I’ve been curious about the small, round bumps that develop on the leaves of California live oaks for a while now. Some years I don’t see any, but most years a few show up toward the end of summer.
Flattened round ball on a Coast live oak leaf
I’d worried they might be something that I don’t want on my trees, but Eric Schrader suggested they were leaf galls and not anything to be concerned about.
The suggestion was right on. The bumps are galls, specifically pumpkin galls. The culprit? Tiny wasps.
New and old galls on an oak leaf
For those who are unfamiliar with gall development, it’s an interesting story.
Tiny wasps in the cynipid family, in this case, Dryocosmus minusculus, deposit eggs inside leaves that produce a substance that fools the plant into producing the gall material. The gall provides protection and nutrition for the developing baby wasp that bores through the gall wall when it’s mature.
Nearly ripe pumpkin gall
As long as there aren’t many galls on an oak bonsai, there’s nothing to do about it beyond removing the galls or the infected leaves with your fingers. If gall development is widespread, it may be worth taking action.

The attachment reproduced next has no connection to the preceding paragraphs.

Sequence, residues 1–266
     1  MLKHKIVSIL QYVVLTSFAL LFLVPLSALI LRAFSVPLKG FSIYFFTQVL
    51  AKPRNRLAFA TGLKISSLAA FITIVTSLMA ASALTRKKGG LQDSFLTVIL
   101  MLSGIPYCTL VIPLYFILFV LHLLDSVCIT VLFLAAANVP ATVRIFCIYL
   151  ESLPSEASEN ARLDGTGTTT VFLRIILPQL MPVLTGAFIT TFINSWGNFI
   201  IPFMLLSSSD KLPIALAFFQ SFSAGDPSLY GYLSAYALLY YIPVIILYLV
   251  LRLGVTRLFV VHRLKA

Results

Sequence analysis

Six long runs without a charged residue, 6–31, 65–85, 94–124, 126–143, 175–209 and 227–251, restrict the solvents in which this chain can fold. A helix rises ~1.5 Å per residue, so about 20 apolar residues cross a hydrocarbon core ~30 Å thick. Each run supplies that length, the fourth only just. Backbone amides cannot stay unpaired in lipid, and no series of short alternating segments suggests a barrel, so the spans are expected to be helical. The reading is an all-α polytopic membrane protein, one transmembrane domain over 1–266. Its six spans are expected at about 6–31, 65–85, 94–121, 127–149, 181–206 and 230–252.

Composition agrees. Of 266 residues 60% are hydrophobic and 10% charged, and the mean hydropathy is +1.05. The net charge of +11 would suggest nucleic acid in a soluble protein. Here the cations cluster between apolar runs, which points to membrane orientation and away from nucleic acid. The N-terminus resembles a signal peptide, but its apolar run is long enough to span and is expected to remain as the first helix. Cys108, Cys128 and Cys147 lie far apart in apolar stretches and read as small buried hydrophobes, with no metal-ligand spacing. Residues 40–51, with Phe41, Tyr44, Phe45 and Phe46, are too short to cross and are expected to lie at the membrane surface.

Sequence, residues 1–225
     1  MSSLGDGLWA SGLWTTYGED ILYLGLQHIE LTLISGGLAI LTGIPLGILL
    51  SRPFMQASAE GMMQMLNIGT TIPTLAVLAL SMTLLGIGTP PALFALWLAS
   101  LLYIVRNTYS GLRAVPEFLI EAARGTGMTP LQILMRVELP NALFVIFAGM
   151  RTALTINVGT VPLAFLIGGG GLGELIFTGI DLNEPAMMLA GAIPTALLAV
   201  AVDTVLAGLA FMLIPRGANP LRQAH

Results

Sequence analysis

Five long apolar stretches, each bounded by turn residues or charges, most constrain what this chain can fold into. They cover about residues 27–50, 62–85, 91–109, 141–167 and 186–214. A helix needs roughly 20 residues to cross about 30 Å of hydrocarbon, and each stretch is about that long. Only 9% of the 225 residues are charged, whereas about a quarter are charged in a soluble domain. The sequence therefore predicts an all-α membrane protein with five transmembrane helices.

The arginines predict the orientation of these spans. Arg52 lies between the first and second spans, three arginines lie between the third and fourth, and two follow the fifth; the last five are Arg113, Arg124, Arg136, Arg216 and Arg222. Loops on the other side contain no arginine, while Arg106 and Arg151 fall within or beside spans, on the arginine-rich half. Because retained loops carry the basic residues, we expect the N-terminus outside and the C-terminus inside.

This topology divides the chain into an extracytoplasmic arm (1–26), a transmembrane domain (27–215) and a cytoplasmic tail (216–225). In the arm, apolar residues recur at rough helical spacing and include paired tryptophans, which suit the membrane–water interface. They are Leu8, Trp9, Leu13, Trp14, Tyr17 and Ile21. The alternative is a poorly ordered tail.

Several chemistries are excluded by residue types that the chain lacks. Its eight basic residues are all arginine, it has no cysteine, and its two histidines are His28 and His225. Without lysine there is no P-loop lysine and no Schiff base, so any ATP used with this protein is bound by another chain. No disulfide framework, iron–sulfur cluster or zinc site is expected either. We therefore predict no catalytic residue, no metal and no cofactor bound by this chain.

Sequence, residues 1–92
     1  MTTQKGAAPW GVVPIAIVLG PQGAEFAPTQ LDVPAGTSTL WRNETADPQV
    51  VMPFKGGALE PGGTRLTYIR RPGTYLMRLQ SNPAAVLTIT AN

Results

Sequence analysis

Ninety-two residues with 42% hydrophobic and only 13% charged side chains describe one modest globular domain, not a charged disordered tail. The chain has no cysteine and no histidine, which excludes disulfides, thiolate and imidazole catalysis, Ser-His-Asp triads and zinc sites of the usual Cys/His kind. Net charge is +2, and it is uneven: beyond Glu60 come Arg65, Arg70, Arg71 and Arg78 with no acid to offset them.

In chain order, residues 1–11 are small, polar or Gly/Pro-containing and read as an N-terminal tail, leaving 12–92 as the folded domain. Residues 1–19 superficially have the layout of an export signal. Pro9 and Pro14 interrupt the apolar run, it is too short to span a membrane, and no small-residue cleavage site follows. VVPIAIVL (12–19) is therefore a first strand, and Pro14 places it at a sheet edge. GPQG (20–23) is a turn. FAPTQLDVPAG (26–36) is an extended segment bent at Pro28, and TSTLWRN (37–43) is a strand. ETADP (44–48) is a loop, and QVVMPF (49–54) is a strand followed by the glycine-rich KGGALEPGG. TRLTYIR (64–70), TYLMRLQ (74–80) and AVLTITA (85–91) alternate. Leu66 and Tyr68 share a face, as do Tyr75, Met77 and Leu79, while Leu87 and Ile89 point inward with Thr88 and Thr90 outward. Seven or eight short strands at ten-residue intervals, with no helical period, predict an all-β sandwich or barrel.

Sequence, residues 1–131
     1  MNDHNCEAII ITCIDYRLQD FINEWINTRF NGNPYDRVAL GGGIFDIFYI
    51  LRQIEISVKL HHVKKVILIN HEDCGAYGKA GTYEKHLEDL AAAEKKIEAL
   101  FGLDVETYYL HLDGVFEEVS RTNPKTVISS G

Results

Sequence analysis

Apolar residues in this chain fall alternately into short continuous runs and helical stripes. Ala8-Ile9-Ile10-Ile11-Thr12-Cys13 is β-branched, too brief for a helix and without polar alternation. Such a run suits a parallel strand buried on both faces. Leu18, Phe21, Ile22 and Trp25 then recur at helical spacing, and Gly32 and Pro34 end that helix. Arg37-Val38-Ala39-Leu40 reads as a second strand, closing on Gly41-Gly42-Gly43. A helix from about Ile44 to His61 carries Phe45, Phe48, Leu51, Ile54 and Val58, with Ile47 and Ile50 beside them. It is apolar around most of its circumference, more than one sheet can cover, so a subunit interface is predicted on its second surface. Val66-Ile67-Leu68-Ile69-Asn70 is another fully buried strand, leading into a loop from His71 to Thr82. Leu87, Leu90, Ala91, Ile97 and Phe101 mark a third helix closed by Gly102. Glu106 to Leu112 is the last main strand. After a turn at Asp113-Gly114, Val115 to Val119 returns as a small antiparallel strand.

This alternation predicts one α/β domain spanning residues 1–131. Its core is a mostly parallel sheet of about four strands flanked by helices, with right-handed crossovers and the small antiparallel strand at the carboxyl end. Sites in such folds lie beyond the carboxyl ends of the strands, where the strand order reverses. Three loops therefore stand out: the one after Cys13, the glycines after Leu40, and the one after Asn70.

I couldn’t find good suggestions for specific treatments, but the following best practices can help:
- Keep oaks healthy – weak trees are more likely to be infected
- Remove infected leaves
- Remove branches with widespread damage (if the design allows for it)
- Try a systemic pesticide or a contact spray (which will only be effective if applied when the wasps are laying eggs)
If you want to read up on galls, I found the information for this article here, here, and here. If you’re in the western U.S., a good book on the topic is the Field Guide to Plant Galls of California and Other Western States by Ronald A. Russo.
Do note that the pumpkin gall is just one of many galls that can infect our trees. If you have experience treating leaf, twig, or other galls on bonsai, let us know about it in the comments below!
Subscribe to Bonsai Tonight
New Posts Delivered Every Tuesday and Friday
Tino Mikosch says
Why not leave the galls and let the animals live?!
Jonas Dupuich says
Thanks for the note Tino – it’s fine to leave them alone when there are just a few, but if a tree is covered with leaf gall damage, it can stress or kill whole branches or trees.
Bruce Williams says
Thanks, very informative.